It’s been two years since I flew home to Alaska for a visit.
Photos from the Airport
So much about this state makes me laugh for its intensity. Visitors are greeted immediately upon arrival by giant taxidermy polar bear dioramas.
The entire airport is covered in taxidermy animals “in their natural settings.” At baggage claim a dall sheep, white beaver, brown bear (and at the furthest end) black bear remind those unable to find their luggage not to be too casual in the wide open spaces.
My Parents’ Home
My mom greeted me with caribou soup (that’s a knee bone there) upon arrival to their home. I grew up on this food. The leg bones are boiled down for most of the day, then in the last few hours cut vegetables are added to boil down in the broth as well. In the last half hour cut caribou meat is added too. “Bukkuk bone soup” so named because of gnawing the bone–‘bukkuk’ describes the teeth on bone action the nutrients of the soup depend upon. We eat the buttuq (the marrow) from inside the bone, chew the tendons and ligaments from off the joints, and suck the juice off the bone ends. My favorite.
The house is covered in family pictures. My Aleut Great Grandparents lived into my early 20s. These photos show them in their 80s.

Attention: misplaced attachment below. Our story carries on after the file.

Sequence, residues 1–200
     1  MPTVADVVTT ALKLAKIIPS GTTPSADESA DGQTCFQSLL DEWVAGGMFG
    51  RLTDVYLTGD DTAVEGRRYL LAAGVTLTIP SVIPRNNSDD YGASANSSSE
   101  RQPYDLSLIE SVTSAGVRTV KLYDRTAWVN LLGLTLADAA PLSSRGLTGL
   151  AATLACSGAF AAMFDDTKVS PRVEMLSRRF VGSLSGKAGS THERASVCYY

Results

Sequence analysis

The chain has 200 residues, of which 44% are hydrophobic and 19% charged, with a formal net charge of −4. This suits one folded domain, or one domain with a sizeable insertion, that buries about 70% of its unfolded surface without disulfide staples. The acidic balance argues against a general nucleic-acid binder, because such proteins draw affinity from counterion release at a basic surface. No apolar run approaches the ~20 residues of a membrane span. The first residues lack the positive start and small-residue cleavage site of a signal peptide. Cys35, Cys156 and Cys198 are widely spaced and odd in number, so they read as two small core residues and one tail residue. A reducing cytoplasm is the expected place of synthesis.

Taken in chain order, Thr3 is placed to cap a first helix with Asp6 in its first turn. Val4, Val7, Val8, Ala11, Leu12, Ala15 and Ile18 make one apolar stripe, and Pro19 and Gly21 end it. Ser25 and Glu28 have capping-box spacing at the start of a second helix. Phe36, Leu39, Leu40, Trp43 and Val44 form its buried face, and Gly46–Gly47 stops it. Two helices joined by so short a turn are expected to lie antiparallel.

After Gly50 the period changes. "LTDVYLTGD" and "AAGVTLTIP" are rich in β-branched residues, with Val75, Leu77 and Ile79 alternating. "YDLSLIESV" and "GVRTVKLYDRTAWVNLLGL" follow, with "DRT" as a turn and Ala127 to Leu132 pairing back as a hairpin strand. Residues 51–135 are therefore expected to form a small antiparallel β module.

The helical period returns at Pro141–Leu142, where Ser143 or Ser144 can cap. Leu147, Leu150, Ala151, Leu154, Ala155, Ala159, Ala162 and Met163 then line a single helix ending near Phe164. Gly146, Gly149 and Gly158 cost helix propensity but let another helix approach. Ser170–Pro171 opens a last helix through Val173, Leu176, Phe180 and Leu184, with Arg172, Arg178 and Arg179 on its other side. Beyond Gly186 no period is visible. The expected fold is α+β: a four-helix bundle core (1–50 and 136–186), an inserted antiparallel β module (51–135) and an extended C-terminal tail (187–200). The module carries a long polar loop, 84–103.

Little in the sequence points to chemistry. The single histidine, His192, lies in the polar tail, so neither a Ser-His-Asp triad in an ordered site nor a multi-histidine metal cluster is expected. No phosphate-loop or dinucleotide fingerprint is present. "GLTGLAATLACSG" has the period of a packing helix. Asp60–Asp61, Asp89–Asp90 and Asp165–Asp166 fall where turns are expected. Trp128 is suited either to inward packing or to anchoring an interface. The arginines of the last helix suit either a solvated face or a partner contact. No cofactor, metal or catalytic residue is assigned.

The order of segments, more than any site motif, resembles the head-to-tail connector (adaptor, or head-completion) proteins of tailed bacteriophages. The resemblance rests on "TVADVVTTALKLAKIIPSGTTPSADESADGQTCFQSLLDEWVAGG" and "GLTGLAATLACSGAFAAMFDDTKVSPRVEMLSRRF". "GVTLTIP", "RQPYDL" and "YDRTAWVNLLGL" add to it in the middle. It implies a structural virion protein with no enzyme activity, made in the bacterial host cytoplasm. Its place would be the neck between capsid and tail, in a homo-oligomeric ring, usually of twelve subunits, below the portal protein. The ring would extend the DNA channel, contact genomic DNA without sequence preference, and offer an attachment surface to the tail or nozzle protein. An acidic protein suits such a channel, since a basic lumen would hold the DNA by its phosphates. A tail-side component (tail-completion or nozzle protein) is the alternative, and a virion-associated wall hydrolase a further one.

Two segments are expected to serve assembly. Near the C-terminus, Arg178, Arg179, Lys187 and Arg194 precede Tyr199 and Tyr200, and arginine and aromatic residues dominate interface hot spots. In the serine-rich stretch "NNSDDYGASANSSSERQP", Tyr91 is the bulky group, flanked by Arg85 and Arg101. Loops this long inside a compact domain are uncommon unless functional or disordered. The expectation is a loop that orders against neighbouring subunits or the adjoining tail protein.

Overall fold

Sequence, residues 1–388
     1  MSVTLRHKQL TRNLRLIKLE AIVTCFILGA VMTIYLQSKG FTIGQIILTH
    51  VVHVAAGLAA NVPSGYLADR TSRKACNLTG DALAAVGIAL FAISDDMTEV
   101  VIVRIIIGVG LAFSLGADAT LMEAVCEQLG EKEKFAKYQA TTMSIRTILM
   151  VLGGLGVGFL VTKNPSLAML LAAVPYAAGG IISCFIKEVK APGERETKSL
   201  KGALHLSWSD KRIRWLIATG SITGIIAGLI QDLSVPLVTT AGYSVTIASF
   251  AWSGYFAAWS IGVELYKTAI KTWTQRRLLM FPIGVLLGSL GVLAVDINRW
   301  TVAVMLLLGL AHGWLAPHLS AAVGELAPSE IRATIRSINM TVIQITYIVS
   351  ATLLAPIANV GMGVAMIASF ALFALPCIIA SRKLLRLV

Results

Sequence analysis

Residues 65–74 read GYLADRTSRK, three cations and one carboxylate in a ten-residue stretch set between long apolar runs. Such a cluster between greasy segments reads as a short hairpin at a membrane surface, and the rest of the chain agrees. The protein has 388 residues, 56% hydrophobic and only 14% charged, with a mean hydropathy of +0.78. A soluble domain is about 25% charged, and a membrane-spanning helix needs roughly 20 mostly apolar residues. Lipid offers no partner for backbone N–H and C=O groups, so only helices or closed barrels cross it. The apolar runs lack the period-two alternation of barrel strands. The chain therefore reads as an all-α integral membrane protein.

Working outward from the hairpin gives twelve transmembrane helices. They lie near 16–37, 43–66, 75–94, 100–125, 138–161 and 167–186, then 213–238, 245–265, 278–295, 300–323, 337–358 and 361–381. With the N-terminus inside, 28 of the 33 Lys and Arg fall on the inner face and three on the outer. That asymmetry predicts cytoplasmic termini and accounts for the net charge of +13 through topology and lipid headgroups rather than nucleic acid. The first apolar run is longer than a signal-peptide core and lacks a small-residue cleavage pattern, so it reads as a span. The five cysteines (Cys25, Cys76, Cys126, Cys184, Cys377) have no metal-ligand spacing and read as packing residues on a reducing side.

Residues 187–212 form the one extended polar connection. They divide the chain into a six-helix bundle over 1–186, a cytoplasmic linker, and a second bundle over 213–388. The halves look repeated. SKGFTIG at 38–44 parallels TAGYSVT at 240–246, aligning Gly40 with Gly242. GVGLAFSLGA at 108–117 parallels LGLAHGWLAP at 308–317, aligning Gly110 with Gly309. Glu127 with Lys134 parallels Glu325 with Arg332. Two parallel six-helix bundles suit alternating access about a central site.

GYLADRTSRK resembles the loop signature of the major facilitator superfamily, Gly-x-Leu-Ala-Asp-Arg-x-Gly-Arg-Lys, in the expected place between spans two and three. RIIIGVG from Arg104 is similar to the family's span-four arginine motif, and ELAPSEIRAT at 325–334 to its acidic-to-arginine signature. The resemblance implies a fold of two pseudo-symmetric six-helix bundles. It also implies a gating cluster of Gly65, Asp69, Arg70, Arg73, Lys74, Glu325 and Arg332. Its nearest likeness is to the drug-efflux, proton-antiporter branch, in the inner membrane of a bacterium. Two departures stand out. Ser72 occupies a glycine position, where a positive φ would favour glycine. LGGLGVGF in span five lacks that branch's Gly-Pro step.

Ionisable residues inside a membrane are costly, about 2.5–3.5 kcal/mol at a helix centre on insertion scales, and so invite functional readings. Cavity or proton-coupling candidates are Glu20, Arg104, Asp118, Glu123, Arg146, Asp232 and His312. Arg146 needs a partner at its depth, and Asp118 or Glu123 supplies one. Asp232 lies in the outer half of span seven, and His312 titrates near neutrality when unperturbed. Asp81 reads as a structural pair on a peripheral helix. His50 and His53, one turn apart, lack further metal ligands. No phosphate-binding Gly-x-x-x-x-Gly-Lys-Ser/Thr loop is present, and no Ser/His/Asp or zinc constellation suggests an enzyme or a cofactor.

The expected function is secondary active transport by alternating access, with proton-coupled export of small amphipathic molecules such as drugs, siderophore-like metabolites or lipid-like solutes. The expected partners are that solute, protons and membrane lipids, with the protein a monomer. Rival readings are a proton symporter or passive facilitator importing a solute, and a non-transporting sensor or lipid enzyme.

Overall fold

My great grandfather fished into his mid-80s. We’re lucky enough to have photos of him working the net in Naknek.
On my father’s side my great grandfather and his siblings were Inupiat and Russian–the father having crossed Siberia to Alaska originally from St Petersburg. I love this photo. My great grandfather sits in front with his siblings behind.
My parents are good to me. They showcase awards won by various family members about the house too. This one of mine rests directly above a picture of my grandmother (my father’s mother) being awarded Alaskan of the year.
After having caribou soup I went to my room to sleep and my mom had placed a book of Neruda poems on my bed for me as a gift.
Everything slows down here. The earth is a rich silence this far north. Winter has mostly left–record snow falls this year have not yet entirely melted now at the start of May, but mostly they are gone. The ground is still frozen and wet, and the air not yet warm enough to spark Spring budding. As a result, everything is a deep orange-yellow from the winter’s dead ground. The mountains are streaked in white, but browning as the snow melts to reveal the old tundra plants below.
My voice gets slower here, and I heard my accent change by the end of my first night.
Tomorrow my niece graduates from high school–the reason for our visit.
Cheers from the Northern places!